9. Protected view

Architecture always enters a pre-existing environment, and in turn, affects its environment through energy consumption, among other things. Go back in time, before the age of skyscrapers, and you will find that humanity still built high rise structures. The pyramids of Giza are a good start.

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Cheops pyramid, The Pyramids of Giza, Egypt, height- 146.7m ©

Often the context or rather the image of a city provides for the perfect inspiration for an architect. In some cities with an abundance of cultural heritage buildings like Paris or London, there is a law called the ‘protected view’ which prohibits the construction of skyscrapers that might ruin the cityscape. Such restrictions, rather than being negative influences, often help narrow our minds to look in a particular direction.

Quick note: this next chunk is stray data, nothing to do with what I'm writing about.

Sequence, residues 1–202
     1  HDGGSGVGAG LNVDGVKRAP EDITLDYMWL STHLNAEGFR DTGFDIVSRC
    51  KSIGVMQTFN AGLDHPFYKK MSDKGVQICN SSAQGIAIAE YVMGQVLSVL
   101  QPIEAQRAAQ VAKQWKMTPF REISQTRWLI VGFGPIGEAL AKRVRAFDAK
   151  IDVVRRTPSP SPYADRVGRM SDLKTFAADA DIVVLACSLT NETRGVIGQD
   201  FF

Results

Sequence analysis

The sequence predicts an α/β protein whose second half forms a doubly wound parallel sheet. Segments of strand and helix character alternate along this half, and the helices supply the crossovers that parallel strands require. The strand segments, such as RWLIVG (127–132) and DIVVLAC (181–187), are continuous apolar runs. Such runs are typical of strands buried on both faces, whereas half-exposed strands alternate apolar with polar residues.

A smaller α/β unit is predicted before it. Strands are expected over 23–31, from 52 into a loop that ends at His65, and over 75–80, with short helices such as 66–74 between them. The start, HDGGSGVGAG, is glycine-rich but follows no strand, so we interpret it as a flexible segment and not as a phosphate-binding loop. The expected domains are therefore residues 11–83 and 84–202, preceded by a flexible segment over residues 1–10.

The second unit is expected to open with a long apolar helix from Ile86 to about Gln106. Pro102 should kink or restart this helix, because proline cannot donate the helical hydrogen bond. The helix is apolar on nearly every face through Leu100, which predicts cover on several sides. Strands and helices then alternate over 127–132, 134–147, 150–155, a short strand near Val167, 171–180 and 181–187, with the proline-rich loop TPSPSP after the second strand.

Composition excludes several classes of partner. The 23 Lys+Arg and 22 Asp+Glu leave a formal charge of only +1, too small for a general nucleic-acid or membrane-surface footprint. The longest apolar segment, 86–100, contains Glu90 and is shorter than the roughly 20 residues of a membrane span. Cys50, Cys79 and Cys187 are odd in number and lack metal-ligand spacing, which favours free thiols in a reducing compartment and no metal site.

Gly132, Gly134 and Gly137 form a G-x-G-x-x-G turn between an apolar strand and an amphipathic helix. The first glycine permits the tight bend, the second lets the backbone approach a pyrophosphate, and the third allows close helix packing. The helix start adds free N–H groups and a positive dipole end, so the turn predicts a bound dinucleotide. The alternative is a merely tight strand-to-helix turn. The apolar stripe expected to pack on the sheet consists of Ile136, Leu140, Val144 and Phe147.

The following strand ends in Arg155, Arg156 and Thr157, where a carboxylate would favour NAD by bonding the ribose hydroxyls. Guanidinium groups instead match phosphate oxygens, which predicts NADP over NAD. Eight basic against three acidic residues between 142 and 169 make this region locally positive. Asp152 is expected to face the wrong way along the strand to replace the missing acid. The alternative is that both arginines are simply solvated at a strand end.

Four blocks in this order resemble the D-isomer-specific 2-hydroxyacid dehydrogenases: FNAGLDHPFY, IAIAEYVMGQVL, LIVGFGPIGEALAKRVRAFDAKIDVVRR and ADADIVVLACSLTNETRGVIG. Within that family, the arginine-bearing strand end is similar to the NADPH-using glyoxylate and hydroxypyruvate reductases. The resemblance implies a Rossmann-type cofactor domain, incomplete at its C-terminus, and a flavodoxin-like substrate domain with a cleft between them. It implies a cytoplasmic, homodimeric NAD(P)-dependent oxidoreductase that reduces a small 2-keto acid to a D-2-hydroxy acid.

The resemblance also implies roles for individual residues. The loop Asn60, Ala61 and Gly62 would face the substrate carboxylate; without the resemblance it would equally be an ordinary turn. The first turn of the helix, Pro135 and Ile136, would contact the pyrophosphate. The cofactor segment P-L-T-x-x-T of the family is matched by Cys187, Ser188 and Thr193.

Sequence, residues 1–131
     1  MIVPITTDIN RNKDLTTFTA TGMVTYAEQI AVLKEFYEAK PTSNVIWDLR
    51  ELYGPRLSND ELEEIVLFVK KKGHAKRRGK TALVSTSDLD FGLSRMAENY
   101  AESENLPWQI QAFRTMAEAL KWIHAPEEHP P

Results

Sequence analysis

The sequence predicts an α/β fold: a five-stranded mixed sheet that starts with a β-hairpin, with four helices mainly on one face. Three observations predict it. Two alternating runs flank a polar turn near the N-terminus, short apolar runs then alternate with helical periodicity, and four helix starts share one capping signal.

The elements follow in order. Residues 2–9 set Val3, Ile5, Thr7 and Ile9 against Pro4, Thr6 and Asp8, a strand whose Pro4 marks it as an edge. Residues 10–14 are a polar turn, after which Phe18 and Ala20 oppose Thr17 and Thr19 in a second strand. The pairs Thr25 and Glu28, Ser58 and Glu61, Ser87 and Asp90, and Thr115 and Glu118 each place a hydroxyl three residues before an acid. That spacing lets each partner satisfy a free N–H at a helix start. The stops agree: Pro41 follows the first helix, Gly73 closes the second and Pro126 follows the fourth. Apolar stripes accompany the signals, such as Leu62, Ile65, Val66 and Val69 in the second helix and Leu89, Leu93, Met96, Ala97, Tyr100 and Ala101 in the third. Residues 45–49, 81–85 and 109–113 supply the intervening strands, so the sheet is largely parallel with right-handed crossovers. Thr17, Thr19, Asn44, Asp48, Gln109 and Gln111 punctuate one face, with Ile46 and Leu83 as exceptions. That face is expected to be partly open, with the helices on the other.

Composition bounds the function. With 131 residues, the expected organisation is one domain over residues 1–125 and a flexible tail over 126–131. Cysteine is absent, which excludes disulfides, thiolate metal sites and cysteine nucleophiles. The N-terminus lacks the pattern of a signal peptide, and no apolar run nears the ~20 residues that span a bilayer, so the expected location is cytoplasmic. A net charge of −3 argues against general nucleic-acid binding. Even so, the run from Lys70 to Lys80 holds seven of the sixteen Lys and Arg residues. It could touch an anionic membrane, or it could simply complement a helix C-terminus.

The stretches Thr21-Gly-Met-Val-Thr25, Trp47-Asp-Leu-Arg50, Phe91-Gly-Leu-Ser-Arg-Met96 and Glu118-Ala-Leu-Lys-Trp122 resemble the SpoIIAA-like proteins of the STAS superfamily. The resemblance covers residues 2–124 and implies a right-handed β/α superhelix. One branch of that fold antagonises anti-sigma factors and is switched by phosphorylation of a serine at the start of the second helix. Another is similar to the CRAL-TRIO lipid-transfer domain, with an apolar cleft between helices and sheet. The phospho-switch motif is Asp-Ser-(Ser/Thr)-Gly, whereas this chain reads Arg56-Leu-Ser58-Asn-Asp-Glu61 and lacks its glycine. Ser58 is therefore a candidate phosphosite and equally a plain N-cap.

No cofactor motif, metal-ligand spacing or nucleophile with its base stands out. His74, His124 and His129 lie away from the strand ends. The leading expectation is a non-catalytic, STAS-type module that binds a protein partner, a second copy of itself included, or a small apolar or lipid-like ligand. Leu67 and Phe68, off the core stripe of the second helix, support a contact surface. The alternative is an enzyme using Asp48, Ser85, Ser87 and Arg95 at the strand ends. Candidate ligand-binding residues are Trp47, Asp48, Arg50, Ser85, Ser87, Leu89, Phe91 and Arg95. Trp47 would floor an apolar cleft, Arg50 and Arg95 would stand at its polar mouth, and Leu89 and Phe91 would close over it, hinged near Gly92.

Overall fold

Skyline of London ©

10. Official guidelines to be followed

Names like ASHRAE (American Society of Heating, Refrigerating, and Air-conditioning Engineers) or CTBUH (Council on Tall Buildings and Urban Habitat) will come up frequently in your searches. They are official governing bodies that provide the guidelines and international standards to be followed by all architects while constructing any structure, including skyscrapers. Having a look through these pages will give you a good idea about the dos and don’ts.



A pure romantic, but with a passion for the thriller and mystery genres, she tends to surprise people. She feasts on stories, may it be from a baby or a random dog. If she had her way, she would be camping in the mountains with a cup of ginger tea.